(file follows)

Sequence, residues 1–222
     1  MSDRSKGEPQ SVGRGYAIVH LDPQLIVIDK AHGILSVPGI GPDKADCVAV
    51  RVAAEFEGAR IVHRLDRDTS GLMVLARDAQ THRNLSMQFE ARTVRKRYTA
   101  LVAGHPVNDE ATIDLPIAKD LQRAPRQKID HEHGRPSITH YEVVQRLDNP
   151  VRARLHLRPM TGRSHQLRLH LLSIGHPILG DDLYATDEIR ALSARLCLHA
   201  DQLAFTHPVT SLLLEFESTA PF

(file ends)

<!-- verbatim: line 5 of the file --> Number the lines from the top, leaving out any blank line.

   151  VRARLHLRPM TGRSHQLRLH LLSIGHPILG DDLYATDEIR ALSARLCLHA